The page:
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US Securities and Exchange Commission

SEC May Go Easy on COVID-19 Projections; Plaintiffs’ Lawyers Are Another Story

Thomson Reuters Tax & Accounting  

Thomson Reuters Tax & Accounting  

By Soyoung Ho

SEC Chairman Jay Clayton and William Hinman, the top official in the Division of Corporation Finance, recently issued a statement urging public companies to provide forward-looking information to investors. They believe that during a pandemic, investors find future projections about companies’ businesses to be useful, more so than historical data.

The April 8, 2020, statement came as companies were starting to conduct quarterly earnings calls with Wall Street analysts, but securities lawyers say companies are finding it challenging to provide useful and relevant disclosures today.

This is because nobody knows what the business will look like in the future, emphasizing the fluidity and uncertainty of the current environment, said Jeffrey Selman, a partner at Crowell & Moring LLP in San Francisco.

Financial information in the reports has been mainly historical. Analysts use the information, including management’s commentary on trends and future expectations of financial condition and risks, to assess the company’s value and estimate future financial performance.

In order to slow the transmission of COVID-19—the respiratory illness caused by a novel coronavirus—authorities around the world have instituted some form of stay-at-home order, leading to a screeching halt to much of economic activities. Certain industries such as the travel industry have been hit particularly hard. The unemployment rate has been spiking as companies both large and small have been laying off employees with businesses drying up overnight. While a few states are moving to lift some restrictions, it is unclear what businesses will be like before things go back to normal, which could be years away.

“And so, there is some trickiness in trying to think through what forward disclosures to make,” Selman said.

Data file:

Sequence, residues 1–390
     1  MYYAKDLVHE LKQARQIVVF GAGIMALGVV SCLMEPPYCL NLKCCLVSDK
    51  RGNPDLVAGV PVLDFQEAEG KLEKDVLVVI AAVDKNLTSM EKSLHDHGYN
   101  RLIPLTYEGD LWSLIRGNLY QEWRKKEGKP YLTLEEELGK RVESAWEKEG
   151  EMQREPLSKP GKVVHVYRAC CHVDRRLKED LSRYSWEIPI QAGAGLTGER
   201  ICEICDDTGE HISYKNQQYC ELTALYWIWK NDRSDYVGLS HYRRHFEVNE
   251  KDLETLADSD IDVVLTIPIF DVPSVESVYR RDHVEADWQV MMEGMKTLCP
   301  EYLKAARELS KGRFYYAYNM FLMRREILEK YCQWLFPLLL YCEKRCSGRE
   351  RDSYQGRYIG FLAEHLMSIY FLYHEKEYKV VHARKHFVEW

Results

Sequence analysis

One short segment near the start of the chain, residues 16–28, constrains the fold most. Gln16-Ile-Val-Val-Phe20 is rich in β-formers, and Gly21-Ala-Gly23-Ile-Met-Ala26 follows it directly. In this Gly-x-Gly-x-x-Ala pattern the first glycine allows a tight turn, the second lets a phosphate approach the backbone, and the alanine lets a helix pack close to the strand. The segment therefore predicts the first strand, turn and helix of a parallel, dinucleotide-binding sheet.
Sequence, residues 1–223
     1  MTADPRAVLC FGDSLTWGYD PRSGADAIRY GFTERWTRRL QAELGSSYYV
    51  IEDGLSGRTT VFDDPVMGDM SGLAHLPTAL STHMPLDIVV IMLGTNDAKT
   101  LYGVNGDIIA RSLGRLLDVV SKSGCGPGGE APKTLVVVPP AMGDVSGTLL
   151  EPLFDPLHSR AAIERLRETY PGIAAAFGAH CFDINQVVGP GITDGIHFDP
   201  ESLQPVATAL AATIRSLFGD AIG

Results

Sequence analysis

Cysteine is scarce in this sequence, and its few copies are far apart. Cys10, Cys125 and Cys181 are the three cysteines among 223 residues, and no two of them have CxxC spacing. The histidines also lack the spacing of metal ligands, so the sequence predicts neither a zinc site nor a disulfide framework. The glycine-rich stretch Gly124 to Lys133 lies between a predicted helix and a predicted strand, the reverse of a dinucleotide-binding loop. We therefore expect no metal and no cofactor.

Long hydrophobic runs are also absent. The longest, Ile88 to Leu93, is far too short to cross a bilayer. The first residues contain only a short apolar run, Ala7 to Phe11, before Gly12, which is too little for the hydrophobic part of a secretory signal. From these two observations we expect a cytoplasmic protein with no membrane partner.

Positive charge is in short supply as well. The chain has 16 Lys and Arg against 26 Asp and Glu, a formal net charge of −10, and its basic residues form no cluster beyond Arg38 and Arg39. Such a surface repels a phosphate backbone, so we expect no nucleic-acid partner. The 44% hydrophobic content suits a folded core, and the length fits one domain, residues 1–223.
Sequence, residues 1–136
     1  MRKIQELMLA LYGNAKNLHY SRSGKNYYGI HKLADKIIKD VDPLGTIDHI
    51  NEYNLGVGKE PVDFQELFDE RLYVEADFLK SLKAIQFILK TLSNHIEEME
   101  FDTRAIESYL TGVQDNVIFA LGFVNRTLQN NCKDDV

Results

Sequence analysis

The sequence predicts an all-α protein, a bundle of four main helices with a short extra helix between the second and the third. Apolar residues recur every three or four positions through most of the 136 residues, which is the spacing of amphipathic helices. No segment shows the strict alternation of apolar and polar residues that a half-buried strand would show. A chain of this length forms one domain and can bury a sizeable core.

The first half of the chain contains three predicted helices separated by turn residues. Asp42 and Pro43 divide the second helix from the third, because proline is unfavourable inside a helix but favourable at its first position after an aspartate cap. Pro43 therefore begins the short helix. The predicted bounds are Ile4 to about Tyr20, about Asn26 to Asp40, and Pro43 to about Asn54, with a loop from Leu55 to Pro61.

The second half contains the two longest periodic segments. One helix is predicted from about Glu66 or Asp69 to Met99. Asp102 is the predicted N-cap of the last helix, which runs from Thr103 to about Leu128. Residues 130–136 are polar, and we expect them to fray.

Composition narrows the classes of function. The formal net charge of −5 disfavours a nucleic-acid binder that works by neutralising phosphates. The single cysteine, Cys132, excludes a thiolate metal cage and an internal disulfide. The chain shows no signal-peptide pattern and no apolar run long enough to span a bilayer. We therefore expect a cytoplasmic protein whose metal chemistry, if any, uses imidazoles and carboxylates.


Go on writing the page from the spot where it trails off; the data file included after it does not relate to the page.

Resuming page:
Dave Brown, a partner with Alston & Bird LLP in Washington, agreed.

“Given the impact of the COVID-19 pandemic and the ever-changing landscape, providing ‘meaningful information’ will likely require companies to provide more current or forward-looking information than historical Q1 2020 numbers,” Brown said. “This may be particularly challenging for companies that report earnings before the first month of the second quarter is over. Companies may not be in a position to give more up to date numbers if they report earnings the last week of April and may result in more qualitative forward-looking disclosures…. If companies do not provide this information, they should be prepared for focused, difficult questions from investors on these subjects in their earnings calls.”

In addition, corporate lawyers also emphasized about risks companies face because of the litigious environment in the U.S. even as the SEC said it would not second guess companies’ best effort to provide fulsome disclosures. The commission has also encouraged companies to use the forward-looking statement safe harbor. This means that companies have some liability protections when they use the safe harbor. Companies usually put a disclaimer that any forward-looking statement is true at the time the information was written.

“Companies typically approach forward-looking information with caution given the prevalence of shareholders litigation and a very challenging and unpredictable environment,” said Brown with Alston & Bird.

Ryan Wilkins, chair of corporate and securities law practice group with Stradling Yocca Carlson & Rauth, P.C. in Newport Beach, California, also said he is not as worried about the SEC.

“I believe they are unlikely to seek enforcement against issuers for statements relating to COVID-19,” Wilkins said. “I do worry a little bit about private litigation, the securities actions going forward. But you can buy yourself a lot of protection through well-drafted cautionary language.”

However, the liability worries may be more prevalent among companies that decide to raise capital at this time, he said.

“I think that for companies that are just in the normal disclosure cycle, I don’t think they are going to be subject to tremendously greater amount of risk,” he added. “I think the companies decide that they are going to go out and issue securities at this time or companies that are allowing officers and directors to trade in securities this time. I think there will be questions later about what those companies or what those officers and directors actually knew about the company that might not have been disclosed at the time.”

In the meantime, Crowell & Moring’s Selman urged companies to have good systems in place “to be able to see in somewhat real time what may or may not be happening to their business from a positive or negative point and are able to sort of make future projections based on that current real-time information and then appropriately note the risk that you believe are out there.”

 

This article originally appeared in the April 23, 2020 edition of Accounting & Compliance Alert, available on Checkpoint.

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